Lighting Plan

Use the cue list as a guide to help you make the lighting plan. Now it’s the time to decide where it is needed a source of light and what lantern it has to be used. You will have to choose among fresnel, PC and profile spotlights.


The fresnel lens is a good choice for stage lighting, especially at close ranges to the subject, since it is not very precise and gives a very soft-edged beam. However, they blend evenly from one source to another, creating stage color washes.

PC(Pebble Convex)

PC lenses consist of loads of pebbles across the surface. PC uses a rough reflector to diffuse the light and it produces less spill than the Fresnel, making it more efficient.

Profile spotlight

It creates a hardedge to the circle of light on the stage. It is recommended for precise lighting, as well as for gobos.

Draw a sketch with arrows that show each source of light you need and decide which lanterns you will use. You may have to combine them.

Lighting Rig

 The sketch with the arrows you did is now at the hands of the people who will place each lantern at the right position on the rig according to your plan. Then, you will check if everything is right on place and if you get the result you were expecting. Should you think it is necessary for you to do any changes, feel free to do so.

Lighting Focus

Never thought of being a maestro, right? That is exactly what you are right now! Inform your team on where and how you want the lanterns to focus to get the result you want.

Lighting Plot

With the director and stage manager by your side discuss about the exact cue positions and time the transitions properly. Spend enough time to analyze the transitions between lighting states because the lighting has to flow and be continuous both from scene to scene and throughout the show. This may define the quality of the show and the audience’s belief about it.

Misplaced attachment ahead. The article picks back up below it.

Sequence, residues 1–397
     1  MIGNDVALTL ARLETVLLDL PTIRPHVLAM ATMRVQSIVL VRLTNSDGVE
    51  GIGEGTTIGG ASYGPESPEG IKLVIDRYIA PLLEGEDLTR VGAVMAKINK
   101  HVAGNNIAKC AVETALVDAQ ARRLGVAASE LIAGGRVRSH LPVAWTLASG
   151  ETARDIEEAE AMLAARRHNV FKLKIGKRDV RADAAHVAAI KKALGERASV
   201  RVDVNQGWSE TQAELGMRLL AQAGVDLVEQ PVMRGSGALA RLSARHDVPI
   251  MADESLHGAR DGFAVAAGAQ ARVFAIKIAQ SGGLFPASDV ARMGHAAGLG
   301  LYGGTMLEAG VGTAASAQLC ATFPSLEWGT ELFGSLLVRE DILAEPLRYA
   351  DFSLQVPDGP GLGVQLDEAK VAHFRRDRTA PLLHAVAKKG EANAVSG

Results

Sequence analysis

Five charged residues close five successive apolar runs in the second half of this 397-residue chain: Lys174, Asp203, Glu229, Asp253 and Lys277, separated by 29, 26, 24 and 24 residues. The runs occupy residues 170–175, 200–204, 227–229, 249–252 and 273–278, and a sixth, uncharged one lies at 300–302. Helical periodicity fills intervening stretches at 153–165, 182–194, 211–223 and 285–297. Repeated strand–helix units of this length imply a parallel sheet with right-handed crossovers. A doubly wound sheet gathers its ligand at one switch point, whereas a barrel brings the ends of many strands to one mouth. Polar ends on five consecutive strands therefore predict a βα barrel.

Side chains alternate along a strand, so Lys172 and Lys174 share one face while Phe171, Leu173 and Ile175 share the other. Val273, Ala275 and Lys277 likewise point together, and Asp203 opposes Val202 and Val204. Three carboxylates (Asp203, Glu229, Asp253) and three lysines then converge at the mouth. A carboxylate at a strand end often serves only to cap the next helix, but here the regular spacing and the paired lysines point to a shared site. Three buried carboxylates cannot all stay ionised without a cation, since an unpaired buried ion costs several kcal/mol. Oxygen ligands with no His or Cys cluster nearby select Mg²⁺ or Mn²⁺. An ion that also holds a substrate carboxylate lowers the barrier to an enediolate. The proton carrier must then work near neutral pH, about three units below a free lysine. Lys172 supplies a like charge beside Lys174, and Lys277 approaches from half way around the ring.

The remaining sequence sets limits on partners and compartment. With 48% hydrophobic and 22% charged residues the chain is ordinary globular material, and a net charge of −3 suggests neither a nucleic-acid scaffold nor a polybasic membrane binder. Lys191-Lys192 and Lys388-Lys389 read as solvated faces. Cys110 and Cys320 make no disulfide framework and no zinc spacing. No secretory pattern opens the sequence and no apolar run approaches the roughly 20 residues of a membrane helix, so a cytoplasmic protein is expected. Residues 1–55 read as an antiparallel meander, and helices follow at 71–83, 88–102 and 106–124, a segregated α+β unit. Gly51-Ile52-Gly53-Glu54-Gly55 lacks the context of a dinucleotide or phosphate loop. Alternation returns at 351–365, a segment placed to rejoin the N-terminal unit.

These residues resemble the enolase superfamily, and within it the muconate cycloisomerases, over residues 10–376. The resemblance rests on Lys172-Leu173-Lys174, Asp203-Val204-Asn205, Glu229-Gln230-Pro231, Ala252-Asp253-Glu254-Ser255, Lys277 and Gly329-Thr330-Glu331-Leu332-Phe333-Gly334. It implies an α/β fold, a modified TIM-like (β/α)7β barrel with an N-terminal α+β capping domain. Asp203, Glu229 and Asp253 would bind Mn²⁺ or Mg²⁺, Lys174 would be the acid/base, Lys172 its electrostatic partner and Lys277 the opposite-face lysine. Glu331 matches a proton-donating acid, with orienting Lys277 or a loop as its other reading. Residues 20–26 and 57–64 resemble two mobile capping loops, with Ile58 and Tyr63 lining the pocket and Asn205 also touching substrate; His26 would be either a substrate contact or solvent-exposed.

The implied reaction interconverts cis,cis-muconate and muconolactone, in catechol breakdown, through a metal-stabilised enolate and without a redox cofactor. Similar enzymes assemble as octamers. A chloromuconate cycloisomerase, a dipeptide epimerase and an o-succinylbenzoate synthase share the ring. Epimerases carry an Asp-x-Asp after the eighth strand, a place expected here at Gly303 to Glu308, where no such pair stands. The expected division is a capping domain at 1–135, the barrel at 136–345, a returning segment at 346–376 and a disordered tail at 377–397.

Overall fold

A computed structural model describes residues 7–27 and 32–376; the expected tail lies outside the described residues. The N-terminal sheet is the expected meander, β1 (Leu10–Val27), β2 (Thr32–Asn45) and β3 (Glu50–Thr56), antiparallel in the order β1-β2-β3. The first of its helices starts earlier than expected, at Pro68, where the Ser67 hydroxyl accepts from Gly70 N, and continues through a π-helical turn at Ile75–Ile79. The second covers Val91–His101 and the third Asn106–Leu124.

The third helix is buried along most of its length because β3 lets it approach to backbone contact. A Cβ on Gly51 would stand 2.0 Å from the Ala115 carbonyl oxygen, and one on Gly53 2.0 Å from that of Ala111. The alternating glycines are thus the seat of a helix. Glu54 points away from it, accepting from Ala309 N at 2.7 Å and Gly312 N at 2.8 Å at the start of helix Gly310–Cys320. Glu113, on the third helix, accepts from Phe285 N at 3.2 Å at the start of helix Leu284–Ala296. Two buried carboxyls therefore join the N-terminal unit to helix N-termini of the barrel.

Technology has done its part and it is possible for an offline approximation of the lighting plot, without even being in the venue. This means that you can do the hard work with visualizers before the set is built and before the lighting is rigged, thanks to the lighting desk software being more portable.

Of course, when the set is built, you will have to check the timings and positions of the lights and do any changes needed, but you will have saved hours of work in the venue.

Technical Rehearsal

You now have to review one more time the cue positions in the script. At this point, the actors should take positions on stage, while you check the lighting, the transitions, the focus etc.
The following addition is importand

Lantern + Color + Position + Focus + Flow = Lighting


While it is not necessary for the crew to watch all the rehearsals, it is, though, essential that they are present at most of the run-throughs. That way, they will get the general feel of the show, the atmosphere and the pace. It’s also important to know who the main performers are and at what part of the show, things get more complicated. So when it’s time to set the lighting and do a technical rehearsal, it’s going to be easier and everyone will speak the same language.

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The Video is from Matt Kizer’s Youtube channel 

The Video is from Vari-lite Youtube channel